Scripture Reading: Matthew 13:10-17, 31-32

Jesus is talking to the crowds, but His words are really meant for the disciples. He is telling stories which may have meant something to the people, with common enough references and familiar contexts. But the secrets of the kingdom, the truth within those stories, are given to those whose eyes could see and whose ears could hear.

Each picture, each story must have given the disciples yet another glimpse of the Kingdom; but they must have been confusing too. The Kingdom that Jesus was bringing was probably not what they were expecting. Little did the disciples understand that Jesus’ Kingdom, begun through ministry and established through the cross, would change their world. Even more, it would turn their world upside down. And, amazingly, in that chaos of change, would be reconciliation and peace.

The parable of the mustard seed is as small as the seed itself; like the seed, this little parable is full of potential for growth. And like the mustard seed, growth happens for a purpose. The mustard tree may not be the biggest, but it is a plant with a purpose. The listeners’ first thought might have been about how the tree is good (with its oil, spice and healing properties), but Jesus focuses on the birds. The birds perch in the shade of the tree. They are drawn to it. The tree is a place of blessing and safety for the birds. Like the tree, God’s Kingdom is about community and peace.

And like the mustard seed, the Kingdom is created from the small and insignificant. It is almost counter-intuitive to expect a large tree from a tiny seed. But the tree from the mustard seed was more like a weed, forbidden in the gardens of Palestine because it could easily overtake an entire garden.

A mustard plant makes sense, though. Why would Jesus compare His Kingdom to a something like mighty oak when Jesus Himself is its foot- washing, donkey-riding leader, who told secrets to fishermen and hung out with prostitutes and tax collectors? Yet through His death and triumphant resurrection, Jesus ushers peace into this Kingdom of chaos, and creates a new culture of a kingdom that just doesn’t fit with expectations or the culture of that day.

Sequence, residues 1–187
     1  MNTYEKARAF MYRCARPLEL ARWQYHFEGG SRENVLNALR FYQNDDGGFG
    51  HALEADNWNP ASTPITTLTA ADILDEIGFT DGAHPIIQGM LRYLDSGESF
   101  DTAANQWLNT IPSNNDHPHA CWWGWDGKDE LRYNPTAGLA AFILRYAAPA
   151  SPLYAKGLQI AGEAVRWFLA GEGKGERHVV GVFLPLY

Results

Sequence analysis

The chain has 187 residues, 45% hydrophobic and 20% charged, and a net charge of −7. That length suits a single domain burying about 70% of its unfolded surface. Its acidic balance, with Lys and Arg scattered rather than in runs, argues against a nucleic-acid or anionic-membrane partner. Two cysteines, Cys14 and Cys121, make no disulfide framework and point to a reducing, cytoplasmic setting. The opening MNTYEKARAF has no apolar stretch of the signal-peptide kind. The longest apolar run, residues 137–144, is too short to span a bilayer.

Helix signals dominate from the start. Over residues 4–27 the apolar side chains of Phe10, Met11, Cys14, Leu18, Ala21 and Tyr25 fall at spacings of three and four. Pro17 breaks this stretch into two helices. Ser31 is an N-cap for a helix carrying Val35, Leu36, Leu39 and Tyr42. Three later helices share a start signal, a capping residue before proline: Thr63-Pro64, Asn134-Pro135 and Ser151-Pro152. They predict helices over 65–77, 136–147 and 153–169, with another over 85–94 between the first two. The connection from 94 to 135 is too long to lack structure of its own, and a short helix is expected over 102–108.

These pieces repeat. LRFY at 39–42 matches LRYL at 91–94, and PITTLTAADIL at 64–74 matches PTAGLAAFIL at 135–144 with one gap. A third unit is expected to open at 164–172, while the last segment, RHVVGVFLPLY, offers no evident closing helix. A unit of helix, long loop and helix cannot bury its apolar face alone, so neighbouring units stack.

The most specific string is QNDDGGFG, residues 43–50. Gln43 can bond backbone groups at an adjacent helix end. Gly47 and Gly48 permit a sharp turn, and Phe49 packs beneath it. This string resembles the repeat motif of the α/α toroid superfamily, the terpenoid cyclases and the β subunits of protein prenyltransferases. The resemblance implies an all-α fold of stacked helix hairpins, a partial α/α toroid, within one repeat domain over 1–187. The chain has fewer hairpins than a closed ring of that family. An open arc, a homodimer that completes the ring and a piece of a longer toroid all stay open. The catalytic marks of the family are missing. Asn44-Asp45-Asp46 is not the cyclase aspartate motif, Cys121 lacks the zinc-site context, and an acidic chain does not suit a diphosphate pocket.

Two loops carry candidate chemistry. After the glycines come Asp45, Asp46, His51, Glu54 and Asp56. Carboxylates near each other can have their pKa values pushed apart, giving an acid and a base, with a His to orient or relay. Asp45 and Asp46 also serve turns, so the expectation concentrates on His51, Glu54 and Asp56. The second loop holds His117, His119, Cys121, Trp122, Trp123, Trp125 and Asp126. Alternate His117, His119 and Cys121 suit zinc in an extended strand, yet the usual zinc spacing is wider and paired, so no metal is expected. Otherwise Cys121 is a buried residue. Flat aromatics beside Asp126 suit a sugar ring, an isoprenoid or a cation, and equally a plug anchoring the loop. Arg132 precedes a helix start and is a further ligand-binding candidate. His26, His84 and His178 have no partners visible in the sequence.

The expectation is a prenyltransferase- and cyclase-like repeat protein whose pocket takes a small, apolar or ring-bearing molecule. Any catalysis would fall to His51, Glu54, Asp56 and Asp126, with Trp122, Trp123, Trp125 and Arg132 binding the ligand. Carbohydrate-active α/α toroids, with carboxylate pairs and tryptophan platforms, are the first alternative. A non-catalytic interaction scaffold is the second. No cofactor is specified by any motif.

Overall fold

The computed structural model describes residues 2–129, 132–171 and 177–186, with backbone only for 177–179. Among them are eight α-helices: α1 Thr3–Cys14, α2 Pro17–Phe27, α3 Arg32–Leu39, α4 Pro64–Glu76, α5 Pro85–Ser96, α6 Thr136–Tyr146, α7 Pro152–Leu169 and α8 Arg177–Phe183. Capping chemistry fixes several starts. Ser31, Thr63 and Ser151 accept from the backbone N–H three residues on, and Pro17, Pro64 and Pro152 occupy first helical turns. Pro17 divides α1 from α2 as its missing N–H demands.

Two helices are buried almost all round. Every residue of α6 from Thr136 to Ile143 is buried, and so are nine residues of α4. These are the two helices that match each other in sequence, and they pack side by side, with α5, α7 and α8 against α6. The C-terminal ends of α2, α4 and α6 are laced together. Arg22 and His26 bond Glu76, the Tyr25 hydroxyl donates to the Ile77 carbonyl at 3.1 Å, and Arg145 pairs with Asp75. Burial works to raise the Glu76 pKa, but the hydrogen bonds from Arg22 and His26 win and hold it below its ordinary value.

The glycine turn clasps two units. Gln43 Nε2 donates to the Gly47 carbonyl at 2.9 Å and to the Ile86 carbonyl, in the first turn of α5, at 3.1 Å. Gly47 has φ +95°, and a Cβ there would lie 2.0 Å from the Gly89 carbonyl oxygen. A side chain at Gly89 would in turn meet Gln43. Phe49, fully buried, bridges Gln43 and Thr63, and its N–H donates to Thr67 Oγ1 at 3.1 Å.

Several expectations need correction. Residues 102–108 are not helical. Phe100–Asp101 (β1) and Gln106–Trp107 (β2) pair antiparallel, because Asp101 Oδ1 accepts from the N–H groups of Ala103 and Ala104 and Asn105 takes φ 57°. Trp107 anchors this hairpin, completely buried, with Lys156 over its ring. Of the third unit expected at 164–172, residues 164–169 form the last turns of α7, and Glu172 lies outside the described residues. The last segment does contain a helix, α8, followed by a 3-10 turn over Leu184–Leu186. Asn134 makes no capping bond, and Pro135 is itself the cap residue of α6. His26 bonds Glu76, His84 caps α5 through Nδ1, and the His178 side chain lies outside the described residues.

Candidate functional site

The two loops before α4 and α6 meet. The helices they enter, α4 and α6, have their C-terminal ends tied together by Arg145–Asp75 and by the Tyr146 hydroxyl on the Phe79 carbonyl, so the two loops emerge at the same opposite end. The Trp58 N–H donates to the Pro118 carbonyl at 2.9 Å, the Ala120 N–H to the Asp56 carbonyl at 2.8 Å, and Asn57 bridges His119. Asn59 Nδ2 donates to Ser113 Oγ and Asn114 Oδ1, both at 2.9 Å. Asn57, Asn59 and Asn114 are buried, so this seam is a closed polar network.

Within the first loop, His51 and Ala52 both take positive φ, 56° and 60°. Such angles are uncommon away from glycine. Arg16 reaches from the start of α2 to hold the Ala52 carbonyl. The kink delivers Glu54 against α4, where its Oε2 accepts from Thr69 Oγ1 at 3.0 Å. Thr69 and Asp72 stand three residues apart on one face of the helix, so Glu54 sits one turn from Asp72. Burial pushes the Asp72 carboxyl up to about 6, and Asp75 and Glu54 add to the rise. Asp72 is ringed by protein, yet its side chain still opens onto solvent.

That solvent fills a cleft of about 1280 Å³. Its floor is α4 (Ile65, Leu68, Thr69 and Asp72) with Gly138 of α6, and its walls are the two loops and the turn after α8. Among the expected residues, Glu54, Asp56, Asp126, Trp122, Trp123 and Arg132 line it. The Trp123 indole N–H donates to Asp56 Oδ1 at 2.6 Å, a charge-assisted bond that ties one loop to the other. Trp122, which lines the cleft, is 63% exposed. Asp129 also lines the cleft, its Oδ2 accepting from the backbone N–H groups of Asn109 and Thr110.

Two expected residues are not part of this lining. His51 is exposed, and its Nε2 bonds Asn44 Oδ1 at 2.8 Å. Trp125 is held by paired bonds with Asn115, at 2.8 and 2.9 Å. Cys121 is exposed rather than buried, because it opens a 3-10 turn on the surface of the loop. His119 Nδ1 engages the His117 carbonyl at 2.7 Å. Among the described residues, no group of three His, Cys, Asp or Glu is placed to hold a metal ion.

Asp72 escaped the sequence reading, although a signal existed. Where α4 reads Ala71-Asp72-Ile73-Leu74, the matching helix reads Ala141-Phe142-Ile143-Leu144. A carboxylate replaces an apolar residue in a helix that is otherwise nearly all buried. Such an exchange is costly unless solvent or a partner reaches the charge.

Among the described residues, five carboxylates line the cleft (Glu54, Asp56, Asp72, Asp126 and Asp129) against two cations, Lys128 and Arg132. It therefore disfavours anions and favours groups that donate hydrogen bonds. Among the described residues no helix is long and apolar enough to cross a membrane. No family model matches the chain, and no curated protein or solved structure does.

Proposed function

If, as Jesus says, the tiny mustard seed is like the Kingdom, it needs a sower, someone who believes in the potential of the small, insignificant and ordinary. Together, sower and seed and the Holy Spirit work to grow a Kingdom that is communal, counter-cultural and created through the insignificant.

Deacons, in your corner of the Kingdom, you are called to be the sower. A mustard seed reveals its potency when crushed; joining God in building this Kingdom will not be easy. But it can bring the peace and shalom of community, and it can create a powerful vision of something different that the world has rarely sees –something the world desperately needs.

It starts with the insignificant: a phone call, a “hand up,” a partnership. So deacons, sow your seed. And bring the peace of Christ in your corner of the Kingdom.

Slightly edited:

One thought on “DIACONAL LEADERSHIP: Devotion #9: Seed of the Kingdom

  1. I can flow with the parable, though it’s a bumpy ride. As you say, counter-intuitive, it is developed for philosophical discussion, or within today’s meaning, an argument. In both instances, you’d get stuck with inaction, except within the bubble of the active brain and the active word-of-mouth.


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